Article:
and clear when you’re hardly moving your mouth at all. When she went back and looked at it, she saw,
oh yeah, I understand, I’m cheating the mouth position of some of the sounds that
use more jaw drop or lip rounding. So focus in on the mouth of native speakers and then pay attention to your own mouth positions as you’re practicing sounds. Tip #3: What do toddlers do that is incredibly annoying? They say and do the same thing over and over
and over. In the park by our house, there’s a play
structure with a fake raccoon face carved into a tree. Stoney calls it ‘aa-coon’ and asks for
it constantly. There are times where he probably says the
word 20 times in a row. Any parent or caregiver out there knows how
much children repeat themselves. This is part of learning, of building muscle
memory, building mastery, developing the fine and subtle changes in mouth position native for speaking a language. Repetition can not only help adults speak
better English, but I would say it’s essential. Let’s say your pronunciation isn’t very good. You can learn how to pronounce something better,
or how something should be pronounced. For example, by watching videos on my channel. But knowing something does nothing to change
your body and your habit. You already have strong muscle memory established
as an adult. Creating a sound that you don’t have in
your native language, or creating a new feeling of English is impossible without repetition. Before I started teaching English, I sang opera. In practicing, it would make no sense to sing
the song from start to finish over and over. You work in sections. You pick out specific lines that are tricky,
and you do them over and over and over. Maybe you take the text away from the music
and you practice that separately. Just sing out loud. The point is, you break it down, and you work
with it over and over and over. You take a break, you sleep, and your body,
your mind, does something with that. It saves it. And then the next day you come back and you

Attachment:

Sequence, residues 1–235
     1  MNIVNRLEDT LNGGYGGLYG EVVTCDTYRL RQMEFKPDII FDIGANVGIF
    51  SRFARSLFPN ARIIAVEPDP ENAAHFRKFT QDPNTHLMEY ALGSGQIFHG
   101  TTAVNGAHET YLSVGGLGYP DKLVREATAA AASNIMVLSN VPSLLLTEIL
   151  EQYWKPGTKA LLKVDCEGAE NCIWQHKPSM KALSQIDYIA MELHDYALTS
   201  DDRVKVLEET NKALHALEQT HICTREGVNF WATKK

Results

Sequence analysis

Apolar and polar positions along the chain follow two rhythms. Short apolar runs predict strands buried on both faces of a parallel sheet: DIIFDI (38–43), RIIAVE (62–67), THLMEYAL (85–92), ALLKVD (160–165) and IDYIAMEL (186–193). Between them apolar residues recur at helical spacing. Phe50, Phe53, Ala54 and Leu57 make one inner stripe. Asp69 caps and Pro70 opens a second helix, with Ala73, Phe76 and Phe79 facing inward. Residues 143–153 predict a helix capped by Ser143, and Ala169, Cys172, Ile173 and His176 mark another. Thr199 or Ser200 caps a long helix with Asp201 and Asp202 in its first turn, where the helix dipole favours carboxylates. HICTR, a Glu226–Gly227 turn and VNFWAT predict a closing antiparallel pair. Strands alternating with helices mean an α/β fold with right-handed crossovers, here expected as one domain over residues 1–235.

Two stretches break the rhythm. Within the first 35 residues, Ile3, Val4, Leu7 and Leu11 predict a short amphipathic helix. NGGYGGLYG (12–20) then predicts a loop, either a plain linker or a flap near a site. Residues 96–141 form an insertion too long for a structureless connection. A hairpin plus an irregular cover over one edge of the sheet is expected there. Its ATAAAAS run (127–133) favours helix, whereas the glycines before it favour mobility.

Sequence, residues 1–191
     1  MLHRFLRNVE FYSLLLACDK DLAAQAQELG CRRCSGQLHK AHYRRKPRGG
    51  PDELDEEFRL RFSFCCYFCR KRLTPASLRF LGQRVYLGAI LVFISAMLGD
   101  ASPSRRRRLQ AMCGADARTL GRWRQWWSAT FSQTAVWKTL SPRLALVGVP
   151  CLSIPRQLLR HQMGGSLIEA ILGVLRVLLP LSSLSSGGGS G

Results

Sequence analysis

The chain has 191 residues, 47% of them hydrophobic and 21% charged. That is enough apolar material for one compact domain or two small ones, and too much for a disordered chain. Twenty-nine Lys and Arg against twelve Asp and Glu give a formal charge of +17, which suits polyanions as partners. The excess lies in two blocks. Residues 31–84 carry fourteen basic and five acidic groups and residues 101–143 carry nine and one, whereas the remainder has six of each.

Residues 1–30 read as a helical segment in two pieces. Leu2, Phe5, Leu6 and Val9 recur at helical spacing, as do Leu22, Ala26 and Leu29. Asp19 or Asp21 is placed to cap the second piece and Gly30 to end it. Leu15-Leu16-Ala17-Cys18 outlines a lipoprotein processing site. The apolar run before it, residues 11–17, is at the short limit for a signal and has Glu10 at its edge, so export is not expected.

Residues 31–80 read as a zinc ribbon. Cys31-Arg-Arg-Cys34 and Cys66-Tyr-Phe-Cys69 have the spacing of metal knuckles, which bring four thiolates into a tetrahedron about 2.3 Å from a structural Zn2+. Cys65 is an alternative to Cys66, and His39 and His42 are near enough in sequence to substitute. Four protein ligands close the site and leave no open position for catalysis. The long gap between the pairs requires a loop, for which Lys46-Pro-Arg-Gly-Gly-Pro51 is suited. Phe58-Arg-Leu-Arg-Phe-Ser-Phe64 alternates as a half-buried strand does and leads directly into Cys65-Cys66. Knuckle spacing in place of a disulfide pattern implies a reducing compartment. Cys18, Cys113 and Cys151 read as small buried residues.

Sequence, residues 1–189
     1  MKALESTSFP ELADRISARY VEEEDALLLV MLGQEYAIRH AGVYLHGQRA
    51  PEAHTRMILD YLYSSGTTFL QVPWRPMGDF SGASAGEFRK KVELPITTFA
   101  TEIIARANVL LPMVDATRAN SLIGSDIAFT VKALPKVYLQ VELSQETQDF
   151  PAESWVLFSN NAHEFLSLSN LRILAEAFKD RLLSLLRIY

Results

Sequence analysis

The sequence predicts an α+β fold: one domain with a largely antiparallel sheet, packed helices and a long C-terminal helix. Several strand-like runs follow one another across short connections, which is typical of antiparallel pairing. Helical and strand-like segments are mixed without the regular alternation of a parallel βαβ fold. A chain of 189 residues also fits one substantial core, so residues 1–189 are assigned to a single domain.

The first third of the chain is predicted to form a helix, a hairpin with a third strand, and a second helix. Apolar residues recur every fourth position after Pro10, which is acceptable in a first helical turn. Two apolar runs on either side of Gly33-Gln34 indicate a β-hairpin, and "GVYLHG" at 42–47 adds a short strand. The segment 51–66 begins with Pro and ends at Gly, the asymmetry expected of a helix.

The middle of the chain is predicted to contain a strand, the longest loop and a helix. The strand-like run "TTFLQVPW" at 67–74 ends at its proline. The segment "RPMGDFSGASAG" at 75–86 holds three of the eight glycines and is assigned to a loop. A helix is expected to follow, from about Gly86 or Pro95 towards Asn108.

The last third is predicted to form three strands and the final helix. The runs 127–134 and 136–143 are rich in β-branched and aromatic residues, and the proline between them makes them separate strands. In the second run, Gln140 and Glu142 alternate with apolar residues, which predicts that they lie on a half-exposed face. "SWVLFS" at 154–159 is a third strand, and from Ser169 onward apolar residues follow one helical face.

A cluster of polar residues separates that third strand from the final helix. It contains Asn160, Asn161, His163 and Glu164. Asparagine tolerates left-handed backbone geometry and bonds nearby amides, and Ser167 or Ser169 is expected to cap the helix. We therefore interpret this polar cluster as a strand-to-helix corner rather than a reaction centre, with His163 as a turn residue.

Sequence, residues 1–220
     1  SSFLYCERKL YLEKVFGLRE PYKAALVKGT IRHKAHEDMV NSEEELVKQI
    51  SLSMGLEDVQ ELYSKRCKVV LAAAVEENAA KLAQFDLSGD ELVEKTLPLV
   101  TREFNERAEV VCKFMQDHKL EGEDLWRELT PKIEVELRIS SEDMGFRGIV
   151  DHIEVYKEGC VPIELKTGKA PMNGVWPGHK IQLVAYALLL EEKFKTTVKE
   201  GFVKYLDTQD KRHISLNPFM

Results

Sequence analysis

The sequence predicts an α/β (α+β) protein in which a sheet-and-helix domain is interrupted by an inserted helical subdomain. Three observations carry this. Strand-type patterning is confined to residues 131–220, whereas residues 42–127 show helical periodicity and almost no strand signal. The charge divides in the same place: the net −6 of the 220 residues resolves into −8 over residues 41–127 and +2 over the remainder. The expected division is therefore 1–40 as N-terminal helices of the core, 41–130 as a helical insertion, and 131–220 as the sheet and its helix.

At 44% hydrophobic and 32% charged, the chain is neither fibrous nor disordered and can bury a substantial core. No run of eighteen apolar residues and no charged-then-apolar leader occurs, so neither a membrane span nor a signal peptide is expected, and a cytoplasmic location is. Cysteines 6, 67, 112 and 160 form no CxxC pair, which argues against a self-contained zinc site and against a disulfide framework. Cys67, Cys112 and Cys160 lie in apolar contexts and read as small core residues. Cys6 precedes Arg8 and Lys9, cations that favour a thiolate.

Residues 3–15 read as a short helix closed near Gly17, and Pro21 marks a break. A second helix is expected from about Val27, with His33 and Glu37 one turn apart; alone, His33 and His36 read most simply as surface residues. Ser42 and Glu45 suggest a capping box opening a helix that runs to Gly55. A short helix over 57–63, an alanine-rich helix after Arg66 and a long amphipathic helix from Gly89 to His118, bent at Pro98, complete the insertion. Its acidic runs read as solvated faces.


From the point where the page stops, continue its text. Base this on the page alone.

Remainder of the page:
work again. So be like a toddler and practice the same
thing over and over. Let’s say ‘comfortable’ is a tricky word for you. First, learn how to pronounce it. I have a video on that. Then play it and say it, play it and say it
over and over again. You can use a site like forvo.com, where native speakers have uploaded word pronunciations. Play the native speaker, say it out loud. Play the native speaker, say it out loud. Do this 10, 20 times in row. Once it gets really good, don’t stop. That’s when you need to keep going! To solidify the correct, natural way of doing it. This repetition will help you get better. So as a teacher of language, I realize I have so much to learn about teaching a language by watching my son, a native speaker, learn from the beginning. At one point in this video, I mentioned my
online school. It’s called Rachel’s English Academy, and I have thousands of audio files broken up and slowed down so that my students can practice little bits of conversation with the play it, say it method. It’s amazing. I’ll watch a student doing this, and I don’t even have to tell him what to fix. Just by playing it and saying it over and
over without stopping, subtle changes happen, and it starts to sound so good. If you’re interested in learning more about
the school, please visit RachelsEnglishAcademy.com